Friday, August 26, 2011

How to get involved in science

The lack of science education in the broader community is often considered to be one of the main reasons why people don't believe or trust in matters such as climate change, the level of impact humans are having on habitat and many of the other environmental issues we are currently facing.

I personally think that many people feel unconnected with the scientific process and the research that is being undertaken. But this can change. You can become involved in or participate in research that will directly feed into the scientific literature. This information is then used to drive government policy on matters such as climate change, water quality, vegetation clearing and many environmental issues.

Over the last twenty years or so there has been a proliferation of science education programs in schools aimed at getting kids to participate in environmental management type science, such as the rehabilitation of creeks, water quality monitoring, noise monitoring to name a few. But science participation doesn't have to be restricted to the schools or your children.  There are many places and opportunities for you (as a young adult or adult) to participate in such things.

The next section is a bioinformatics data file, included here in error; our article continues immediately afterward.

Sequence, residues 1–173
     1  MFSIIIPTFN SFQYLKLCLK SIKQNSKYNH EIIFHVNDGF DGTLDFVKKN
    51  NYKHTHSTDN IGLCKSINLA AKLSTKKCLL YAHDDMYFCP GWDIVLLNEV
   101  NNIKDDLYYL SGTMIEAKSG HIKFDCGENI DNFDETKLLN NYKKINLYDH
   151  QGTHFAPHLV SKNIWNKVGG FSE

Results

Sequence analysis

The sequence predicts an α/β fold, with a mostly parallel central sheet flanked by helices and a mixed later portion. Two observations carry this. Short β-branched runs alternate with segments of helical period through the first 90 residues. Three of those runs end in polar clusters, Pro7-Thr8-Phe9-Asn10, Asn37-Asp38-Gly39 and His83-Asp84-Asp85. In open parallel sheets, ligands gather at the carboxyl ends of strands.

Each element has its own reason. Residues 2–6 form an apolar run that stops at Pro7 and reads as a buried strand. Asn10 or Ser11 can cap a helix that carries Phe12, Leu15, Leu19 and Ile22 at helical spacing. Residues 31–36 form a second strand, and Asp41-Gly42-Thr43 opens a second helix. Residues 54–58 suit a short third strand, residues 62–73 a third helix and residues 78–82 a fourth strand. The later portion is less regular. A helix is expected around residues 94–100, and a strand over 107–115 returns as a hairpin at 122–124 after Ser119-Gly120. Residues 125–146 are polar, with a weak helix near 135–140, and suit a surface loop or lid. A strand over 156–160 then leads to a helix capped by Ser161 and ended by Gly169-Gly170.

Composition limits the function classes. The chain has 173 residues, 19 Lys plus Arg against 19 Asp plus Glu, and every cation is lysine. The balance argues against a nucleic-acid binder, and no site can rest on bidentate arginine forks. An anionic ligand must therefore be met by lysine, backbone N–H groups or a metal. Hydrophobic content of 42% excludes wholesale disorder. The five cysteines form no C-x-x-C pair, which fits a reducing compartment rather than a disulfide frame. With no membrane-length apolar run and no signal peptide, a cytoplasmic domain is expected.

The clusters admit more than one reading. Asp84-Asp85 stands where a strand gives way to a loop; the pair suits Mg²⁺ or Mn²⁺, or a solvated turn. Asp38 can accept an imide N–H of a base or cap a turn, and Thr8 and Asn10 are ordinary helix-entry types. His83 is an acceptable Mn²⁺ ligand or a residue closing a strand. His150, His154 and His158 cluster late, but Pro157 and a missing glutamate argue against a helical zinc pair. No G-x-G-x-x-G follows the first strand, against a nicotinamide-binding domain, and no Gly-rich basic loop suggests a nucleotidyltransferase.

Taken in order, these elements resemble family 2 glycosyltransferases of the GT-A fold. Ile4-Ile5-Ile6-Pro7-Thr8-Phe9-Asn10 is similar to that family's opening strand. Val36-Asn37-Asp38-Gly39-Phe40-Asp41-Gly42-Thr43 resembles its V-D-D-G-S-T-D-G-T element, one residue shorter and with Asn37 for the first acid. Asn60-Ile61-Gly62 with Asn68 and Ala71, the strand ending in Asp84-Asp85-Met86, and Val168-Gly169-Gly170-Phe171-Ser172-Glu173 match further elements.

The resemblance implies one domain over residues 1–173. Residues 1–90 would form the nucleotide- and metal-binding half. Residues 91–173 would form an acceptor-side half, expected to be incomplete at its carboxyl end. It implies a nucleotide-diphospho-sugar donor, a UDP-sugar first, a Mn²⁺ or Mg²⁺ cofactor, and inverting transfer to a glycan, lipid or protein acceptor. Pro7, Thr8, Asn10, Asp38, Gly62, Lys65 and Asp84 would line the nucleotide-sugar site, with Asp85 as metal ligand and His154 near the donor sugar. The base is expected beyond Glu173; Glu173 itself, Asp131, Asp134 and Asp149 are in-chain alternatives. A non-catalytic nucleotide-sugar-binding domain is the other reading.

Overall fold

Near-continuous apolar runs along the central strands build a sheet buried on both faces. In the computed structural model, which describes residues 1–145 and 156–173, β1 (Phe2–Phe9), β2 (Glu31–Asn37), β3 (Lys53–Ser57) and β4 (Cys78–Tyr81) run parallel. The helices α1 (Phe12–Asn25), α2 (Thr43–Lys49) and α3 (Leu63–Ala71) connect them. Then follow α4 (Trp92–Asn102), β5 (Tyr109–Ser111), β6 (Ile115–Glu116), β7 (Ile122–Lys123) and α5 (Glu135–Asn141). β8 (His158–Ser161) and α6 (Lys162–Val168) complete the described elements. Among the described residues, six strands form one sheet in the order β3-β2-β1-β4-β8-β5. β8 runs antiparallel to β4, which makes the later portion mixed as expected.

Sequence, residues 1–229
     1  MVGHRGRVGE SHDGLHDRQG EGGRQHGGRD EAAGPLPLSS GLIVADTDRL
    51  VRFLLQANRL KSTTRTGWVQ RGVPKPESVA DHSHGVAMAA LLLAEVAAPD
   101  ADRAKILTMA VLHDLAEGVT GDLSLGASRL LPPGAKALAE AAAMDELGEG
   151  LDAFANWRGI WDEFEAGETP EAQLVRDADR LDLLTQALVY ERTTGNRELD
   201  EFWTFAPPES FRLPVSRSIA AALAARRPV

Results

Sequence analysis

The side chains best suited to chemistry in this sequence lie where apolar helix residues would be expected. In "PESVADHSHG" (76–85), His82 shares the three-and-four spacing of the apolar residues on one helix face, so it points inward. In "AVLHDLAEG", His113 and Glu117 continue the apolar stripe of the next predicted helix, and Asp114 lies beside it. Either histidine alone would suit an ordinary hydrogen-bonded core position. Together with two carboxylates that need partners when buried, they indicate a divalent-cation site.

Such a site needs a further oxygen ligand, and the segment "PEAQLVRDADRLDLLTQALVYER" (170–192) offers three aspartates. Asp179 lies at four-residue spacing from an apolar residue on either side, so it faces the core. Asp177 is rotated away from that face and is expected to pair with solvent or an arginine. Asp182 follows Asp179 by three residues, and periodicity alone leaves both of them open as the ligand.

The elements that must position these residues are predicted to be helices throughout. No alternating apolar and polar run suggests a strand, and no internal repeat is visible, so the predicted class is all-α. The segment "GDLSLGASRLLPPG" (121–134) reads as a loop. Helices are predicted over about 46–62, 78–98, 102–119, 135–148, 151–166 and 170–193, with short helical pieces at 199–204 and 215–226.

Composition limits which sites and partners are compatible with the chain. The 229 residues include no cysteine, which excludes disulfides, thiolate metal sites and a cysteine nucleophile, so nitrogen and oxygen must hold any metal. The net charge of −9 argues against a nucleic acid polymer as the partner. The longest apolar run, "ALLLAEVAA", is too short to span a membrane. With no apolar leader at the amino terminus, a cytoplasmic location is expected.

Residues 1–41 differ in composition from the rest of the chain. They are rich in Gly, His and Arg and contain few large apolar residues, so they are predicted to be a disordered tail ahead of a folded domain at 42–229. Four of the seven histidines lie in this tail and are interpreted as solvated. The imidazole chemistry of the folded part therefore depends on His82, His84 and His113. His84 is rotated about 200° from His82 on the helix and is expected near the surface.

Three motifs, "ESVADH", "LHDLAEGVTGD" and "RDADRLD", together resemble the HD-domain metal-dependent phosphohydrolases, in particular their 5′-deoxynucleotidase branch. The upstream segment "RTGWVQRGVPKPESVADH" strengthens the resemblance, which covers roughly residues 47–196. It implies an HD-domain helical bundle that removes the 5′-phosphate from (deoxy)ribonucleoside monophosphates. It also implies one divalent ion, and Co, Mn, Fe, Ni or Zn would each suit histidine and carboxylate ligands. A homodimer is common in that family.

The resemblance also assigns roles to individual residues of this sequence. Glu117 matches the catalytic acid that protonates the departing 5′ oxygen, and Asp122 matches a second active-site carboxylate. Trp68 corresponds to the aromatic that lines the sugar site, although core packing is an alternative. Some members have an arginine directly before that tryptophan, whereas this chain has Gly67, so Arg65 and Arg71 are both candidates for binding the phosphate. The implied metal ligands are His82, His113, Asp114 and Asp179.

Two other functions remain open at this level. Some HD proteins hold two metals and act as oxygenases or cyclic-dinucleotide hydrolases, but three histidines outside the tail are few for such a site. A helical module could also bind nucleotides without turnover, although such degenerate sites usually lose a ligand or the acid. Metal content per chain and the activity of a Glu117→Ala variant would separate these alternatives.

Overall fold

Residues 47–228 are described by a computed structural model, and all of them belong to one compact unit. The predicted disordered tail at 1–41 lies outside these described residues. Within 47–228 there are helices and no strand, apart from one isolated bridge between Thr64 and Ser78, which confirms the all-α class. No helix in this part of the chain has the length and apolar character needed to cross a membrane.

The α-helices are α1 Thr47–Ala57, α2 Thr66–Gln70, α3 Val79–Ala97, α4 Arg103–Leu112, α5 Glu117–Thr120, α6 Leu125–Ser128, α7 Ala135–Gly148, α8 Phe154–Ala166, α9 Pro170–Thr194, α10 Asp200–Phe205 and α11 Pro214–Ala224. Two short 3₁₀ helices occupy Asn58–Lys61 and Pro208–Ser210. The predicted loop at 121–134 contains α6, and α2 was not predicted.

If you are truly interested and have some time to volunteer you could contact your local University. Seek out the department where your interests lie, and find out whether there are any Honours, Masters or PhD students looking for volunteers. For example, one of my passion lies with animals, so I would seek out their Department of Zoology or Environment (or something along those lines) and then just make contact with the general number on their website. Alternatively you could go even further and look into their academic and research staff and see what projects they currently have on and make contact to see whether there is any assistance you can provide.

Other ways to participate could be through community groups and government run research programs. There are always groups researching all manner of things and there is likely to be one or two looking into things that are of interest to you. Just do a web search for your interests and add to your search parameters something along the lines of 'research', 'community group', 'volunteer', 'data collection', etc, etc.  Alternatively, if you're lucky enough to have lots of money and looking for a holiday, which could make a difference, there are groups such as Earthwatch that collaborate with researchers and invite community members to be involved in the research (on a payment basis).

So if you're keen and have some time and want to know more about the science behind your interests why not give it a go and become actively involved. Pin It

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